Outdoor firepits take a heavy toll

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Outdoor firepits take a heavy toll

Postby Wilberforce » Wed Mar 28, 2012 6:48 pm

Letters to the Editor

Winnipeg Free Press - PRINT EDITION
Outdoor firepits take a heavy toll

Posted: 03/28/2012 1:00 AM | Comments: 22 (including replies)

Dear Editor:

Barring forest fires or other natural disasters, urban dwellers in Winnipeg will soon suffer another season of city sanctioned open-air fire pits.

The World Health Organization states: "The largest contributors to urban outdoor air pollution include amongst other the burning of biomass and coal."

Environment Canada recognizes smoke from burning wood as the greatest single source of particulate matter in the country.

Furthermore, all levels of government, health organizations, including the Winnipeg Regional Health Authority, recognize wood smoke and its pollutants as major health hazards.

A representative from the Manitoba Lung Association suggested "closing windows and doors." By the time your eyes tear and the toxins invade your lungs the exercise is rather futile.

Wood smoke is more than a nuisance; it remains chemically active in the body 40 times longer than cigarette smoke. It is a severe health hazard and a preventable burden to our health care system.

Those who would argue about our clean air are not living downwind or next door to a wood-burning fire pit or fireplace.

If the smoke from a fire pit interferes with the enjoyment of your property, and your right to breathe, you can try dialling 311 and reporting the incident as a nuisance under the Neighbourhood Liveability Bylaw. From experience, however, calling 311 is often waste of time.

Wood smoke causes more damage to the environment and health than photo radar, red light cameras, and the operation of noisy snow sleds within the city. I have yet to hear or see a snowmobile travelling across my lawn at the break of dawn or twilight.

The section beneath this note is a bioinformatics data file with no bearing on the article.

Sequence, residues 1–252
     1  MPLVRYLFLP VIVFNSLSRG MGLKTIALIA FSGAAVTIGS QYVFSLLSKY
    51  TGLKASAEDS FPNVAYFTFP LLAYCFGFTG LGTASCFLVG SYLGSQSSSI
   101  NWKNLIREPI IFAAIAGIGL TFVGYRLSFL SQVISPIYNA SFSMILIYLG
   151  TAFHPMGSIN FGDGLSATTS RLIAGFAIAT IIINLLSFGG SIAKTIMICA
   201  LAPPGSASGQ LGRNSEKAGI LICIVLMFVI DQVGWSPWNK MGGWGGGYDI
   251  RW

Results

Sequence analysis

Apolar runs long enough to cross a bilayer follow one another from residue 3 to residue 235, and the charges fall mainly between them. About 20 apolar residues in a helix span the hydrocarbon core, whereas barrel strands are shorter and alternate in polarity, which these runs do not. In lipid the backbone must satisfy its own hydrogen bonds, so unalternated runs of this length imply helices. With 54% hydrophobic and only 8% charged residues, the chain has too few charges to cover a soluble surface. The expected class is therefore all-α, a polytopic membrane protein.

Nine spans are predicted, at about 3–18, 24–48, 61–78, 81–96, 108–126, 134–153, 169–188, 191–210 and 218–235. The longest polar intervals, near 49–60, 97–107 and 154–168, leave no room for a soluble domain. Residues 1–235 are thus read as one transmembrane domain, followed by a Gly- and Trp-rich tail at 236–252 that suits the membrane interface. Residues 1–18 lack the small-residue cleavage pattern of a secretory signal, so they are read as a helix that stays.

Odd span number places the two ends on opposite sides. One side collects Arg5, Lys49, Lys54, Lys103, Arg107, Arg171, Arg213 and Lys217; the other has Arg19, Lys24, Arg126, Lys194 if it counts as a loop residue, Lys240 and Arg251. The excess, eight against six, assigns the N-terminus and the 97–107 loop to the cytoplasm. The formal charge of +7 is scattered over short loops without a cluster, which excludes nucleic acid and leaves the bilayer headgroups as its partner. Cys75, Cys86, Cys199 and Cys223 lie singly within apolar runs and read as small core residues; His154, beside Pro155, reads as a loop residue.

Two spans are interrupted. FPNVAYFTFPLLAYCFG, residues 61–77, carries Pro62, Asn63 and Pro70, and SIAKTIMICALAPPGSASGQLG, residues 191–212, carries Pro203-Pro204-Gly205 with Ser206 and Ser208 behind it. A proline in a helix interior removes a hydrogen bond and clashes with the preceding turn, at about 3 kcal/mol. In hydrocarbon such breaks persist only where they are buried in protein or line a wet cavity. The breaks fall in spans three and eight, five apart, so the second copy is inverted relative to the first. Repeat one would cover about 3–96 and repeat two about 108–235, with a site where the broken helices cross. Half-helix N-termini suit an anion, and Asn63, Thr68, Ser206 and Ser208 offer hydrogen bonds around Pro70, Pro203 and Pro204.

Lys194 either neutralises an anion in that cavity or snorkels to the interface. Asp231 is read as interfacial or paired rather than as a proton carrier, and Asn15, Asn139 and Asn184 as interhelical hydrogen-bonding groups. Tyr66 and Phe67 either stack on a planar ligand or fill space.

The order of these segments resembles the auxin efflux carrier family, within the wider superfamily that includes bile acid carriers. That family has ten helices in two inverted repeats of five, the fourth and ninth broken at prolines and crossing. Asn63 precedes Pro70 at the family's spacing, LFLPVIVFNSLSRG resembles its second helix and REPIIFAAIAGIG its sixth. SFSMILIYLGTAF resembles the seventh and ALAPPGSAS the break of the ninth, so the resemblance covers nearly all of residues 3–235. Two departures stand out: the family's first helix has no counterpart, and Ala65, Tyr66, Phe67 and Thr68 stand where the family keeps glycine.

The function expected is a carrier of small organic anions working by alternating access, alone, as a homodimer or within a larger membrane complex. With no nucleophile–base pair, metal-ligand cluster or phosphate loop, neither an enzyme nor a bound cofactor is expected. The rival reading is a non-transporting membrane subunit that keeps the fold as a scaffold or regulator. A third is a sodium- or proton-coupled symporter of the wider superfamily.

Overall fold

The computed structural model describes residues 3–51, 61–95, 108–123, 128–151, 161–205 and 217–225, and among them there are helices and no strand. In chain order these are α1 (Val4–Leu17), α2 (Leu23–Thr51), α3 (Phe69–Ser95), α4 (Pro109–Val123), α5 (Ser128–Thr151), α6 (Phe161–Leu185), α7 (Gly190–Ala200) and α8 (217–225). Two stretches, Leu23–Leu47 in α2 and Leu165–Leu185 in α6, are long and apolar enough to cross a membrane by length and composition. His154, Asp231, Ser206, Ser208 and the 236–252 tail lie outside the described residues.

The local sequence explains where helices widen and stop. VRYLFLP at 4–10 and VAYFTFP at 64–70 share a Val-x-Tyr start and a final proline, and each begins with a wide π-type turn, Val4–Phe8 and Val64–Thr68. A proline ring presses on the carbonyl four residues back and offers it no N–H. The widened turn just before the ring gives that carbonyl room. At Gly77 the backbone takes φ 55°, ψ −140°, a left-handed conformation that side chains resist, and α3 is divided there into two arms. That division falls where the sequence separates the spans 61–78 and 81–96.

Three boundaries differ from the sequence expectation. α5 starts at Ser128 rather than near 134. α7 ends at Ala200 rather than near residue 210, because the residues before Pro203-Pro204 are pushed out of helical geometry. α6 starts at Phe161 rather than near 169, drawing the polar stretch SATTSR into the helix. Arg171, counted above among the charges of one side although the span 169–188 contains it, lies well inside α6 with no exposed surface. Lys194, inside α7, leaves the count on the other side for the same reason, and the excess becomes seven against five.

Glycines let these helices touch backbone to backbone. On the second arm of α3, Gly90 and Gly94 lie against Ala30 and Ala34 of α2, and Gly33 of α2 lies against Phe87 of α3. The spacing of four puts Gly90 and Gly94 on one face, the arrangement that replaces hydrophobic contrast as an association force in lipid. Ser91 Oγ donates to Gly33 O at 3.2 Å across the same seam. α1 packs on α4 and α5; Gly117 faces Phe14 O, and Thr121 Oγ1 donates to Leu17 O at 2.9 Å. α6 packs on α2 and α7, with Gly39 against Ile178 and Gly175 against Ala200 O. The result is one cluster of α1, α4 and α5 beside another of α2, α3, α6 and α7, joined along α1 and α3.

Yet I suffer smoke from open air burning and recreational fire pits entering my residence, and affecting my health. Open-air burning and smoke from recreational fire pits within the city need as much attention and consideration as mosquito fogging and the use of garden insecticide.

Be a good neighbour. If smoke from your fire bothers your neighbours, damages their property, or otherwise causes a nuisance, you must immediately put it out.

Serge Massicotte


Republished from the Winnipeg Free Press print edition March 28, 2012 A11

http://www.winnipegfreepress.com/opinio ... 59565.html
• The Surgeon General has determined that there is no safe level of exposure to ambient smoke!

• If you smell even a subtle odor of smoke, you are being exposed to poisonous and carcinogenic chemical compounds!

• Even a brief exposure to smoke raises blood pressure, (no matter what your state of health) and can cause blood clotting, stroke, or heart attack in vulnerable people. Even children experience elevated blood pressure when exposed to smoke!

• Since smoke drastically weakens the lungs' immune system, avoiding smoke is one of the best ways to prevent colds, flu, bronchitis, or risk of an even more serious respiratory illness, such as pneumonia or tuberculosis! Does your child have the flu? Chances are they have been exposed to ambient smoke!
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